There is an entire agency dedicated to providing a full accounting of military personnel missing from World War II (WWII), the Korean War, the Vietnam War, the Cold War, the Gulf Wars, and other recent conflicts – The Defense POW/MIA Accounting Agency. It seeks to help those whose lives are filled with uncertainty over the fate of their loved ones. Also, there are many POW’s from the Vietnam error in particular who survive to this day such as Texas Congressman Sam Johnson. These people endured hardship and abuse and in an attempt keep us free lost theirs for a time. For them and MIAs the phrase “You Are Not Forgotten” has been coined.
This day is just one of the many ways the country honors our brave fighting men and women. We are proud to have been established to honor veterans and have been doing so since 2002. We honor them for the sacrifices they have made and continue to make for our country. You can show your pride too with our American made, Marine Corps Products and USMC novelties. Wear them as you honor our brave missing and captured this September 21st.
Music has already played an integral part of military history. It has guided men into battle, inspired them during battle and even been used to intimidate the enemy. However, music has also played a huge role in the lives of veterans. Believe it or not some service people have gone on to have had world-class musical careers. Here are 6 veterans who have excelled in the field of music showing that nothing is too great for a veteran to achieve.
Elvis Presley: Of course, we had to start with the King himself. When Elvis was inducted into the U.S. Army back in March of 1958, it caused his legions of fans to go into frenzy mode. The ironic thing is that Elvis did have a choice of performing for the troops as a way of forgoing traditional service. Patriot that he was, he chose to become a tanker and served in West Germany.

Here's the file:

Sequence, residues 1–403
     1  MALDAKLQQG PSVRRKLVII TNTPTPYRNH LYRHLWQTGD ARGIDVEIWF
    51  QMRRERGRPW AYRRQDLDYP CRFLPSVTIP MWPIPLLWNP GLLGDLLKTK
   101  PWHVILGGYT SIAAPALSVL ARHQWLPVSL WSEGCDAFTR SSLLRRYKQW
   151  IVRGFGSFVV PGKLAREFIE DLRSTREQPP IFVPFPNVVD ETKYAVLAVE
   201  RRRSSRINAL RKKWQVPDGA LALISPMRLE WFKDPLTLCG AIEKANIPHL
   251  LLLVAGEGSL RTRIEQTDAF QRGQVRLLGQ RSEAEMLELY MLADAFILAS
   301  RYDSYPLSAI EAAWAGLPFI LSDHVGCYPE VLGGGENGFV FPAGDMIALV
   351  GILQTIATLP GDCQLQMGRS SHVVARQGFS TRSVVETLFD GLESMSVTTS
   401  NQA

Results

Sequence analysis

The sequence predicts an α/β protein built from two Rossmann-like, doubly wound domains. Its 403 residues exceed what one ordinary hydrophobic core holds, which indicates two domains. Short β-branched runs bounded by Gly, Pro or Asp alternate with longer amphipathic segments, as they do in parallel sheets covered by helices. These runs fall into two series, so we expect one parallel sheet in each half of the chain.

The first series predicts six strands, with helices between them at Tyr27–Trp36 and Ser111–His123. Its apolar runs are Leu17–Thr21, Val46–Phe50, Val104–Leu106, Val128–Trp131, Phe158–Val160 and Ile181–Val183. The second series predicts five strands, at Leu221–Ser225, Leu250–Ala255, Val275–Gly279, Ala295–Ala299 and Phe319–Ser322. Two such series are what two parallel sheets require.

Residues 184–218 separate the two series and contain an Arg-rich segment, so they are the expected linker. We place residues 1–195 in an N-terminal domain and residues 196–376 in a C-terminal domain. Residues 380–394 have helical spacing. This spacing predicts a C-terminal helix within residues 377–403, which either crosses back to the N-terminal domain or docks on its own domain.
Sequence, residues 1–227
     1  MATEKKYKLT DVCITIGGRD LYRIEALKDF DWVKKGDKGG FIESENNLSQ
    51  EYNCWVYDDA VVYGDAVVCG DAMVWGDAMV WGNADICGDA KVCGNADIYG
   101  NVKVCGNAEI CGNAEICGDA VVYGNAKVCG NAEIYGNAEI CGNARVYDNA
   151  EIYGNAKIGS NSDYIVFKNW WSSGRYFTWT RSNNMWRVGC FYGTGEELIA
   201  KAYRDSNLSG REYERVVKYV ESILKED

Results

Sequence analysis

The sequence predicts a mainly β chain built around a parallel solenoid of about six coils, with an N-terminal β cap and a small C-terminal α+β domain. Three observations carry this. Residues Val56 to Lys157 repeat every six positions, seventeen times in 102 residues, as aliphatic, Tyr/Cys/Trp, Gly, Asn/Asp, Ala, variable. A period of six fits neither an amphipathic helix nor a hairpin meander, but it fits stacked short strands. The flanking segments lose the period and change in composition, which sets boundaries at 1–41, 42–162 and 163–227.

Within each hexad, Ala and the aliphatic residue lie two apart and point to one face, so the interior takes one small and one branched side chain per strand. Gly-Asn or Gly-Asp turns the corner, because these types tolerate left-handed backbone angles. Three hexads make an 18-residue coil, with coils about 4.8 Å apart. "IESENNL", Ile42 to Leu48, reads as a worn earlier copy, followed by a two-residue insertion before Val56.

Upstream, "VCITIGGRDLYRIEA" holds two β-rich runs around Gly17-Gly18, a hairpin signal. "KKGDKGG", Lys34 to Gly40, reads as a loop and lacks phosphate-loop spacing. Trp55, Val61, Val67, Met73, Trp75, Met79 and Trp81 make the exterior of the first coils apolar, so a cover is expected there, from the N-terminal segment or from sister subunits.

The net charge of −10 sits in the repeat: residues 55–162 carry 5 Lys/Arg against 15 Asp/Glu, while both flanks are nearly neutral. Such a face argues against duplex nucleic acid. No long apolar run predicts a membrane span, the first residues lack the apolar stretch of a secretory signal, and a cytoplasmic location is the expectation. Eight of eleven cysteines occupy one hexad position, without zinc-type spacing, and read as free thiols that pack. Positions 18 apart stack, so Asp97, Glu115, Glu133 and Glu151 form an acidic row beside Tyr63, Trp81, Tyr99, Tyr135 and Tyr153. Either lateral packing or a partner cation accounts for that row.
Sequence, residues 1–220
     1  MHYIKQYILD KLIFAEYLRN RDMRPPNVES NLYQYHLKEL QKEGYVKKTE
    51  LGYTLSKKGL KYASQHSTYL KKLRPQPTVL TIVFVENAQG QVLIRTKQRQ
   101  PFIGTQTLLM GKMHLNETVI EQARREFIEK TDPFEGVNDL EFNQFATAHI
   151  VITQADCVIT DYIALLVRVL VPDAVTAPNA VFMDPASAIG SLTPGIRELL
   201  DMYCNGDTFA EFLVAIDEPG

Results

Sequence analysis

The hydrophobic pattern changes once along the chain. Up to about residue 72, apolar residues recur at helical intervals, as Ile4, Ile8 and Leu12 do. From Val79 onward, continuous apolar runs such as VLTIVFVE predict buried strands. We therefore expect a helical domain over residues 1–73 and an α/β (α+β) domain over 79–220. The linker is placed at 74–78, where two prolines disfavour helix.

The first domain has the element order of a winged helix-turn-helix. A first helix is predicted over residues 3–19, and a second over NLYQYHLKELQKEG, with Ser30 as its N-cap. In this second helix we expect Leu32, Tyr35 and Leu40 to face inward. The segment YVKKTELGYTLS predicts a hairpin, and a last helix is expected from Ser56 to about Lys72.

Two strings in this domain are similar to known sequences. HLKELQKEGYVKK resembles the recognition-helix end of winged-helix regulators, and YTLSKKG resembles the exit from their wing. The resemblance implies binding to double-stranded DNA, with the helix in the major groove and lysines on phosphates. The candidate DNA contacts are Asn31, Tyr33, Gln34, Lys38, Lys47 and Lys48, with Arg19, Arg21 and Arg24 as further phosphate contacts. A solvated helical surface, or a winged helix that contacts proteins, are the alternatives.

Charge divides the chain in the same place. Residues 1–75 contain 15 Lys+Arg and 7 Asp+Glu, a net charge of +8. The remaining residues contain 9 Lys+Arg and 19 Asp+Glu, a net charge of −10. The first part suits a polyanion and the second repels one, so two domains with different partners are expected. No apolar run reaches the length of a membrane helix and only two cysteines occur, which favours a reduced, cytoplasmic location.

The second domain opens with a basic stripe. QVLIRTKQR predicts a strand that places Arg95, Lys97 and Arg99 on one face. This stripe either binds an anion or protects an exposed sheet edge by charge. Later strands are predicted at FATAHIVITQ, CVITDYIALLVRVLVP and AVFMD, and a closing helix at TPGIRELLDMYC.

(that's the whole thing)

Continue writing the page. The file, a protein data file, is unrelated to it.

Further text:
Johnny Cash: The Man in Black (aka A Boy Named Sue), Cash earned the rank of Sergeant serving in the U.S. Air Force where he intercepted codes in Germany during the Cold War.
Jimi Hendrix: Rock guitar virtuoso James Marshall Hendrix served in the 101st Airborne Division. However, due to his obsession with the guitar he was considered a poor soldier and eventually given an Honorable Discharge.
Ray Manzarek: This contemporary of Hendrix, keyboard player for The Doors, joined the Army before the buildup to Vietnam. He served in Thailand and Okinawa before being kicked out. Two months after returning home Manzarek and Jim Morrison formed their legendary band.
Tony Bennett: Born Anthony Dominick Benedetto, Bennett saw hard combat during WWII as a member of the U.S. Army. Bennett did his basic training at Fort Dix and Fort Robinson and served on the front lines in Germany and France.
Toy Caldwell: Lead guitarist and co-founding member of the Marshall Tucker Band, Toy served in the Marines Corps when he was injured in battle and received a medical discharge as a result of that injury.
These musicians and many others prove that nothing is beyond the reach of veterans. It shows that people who serve their country have a wide variety of interests and these interests do not have to end simply because one chooses to serve his or her country. Yes, music is an essential part of the Corps and always has been. So too are expressions of pride such as visitors to our site who purchase Marine Corps hats for sale and other Marine Corps clothing.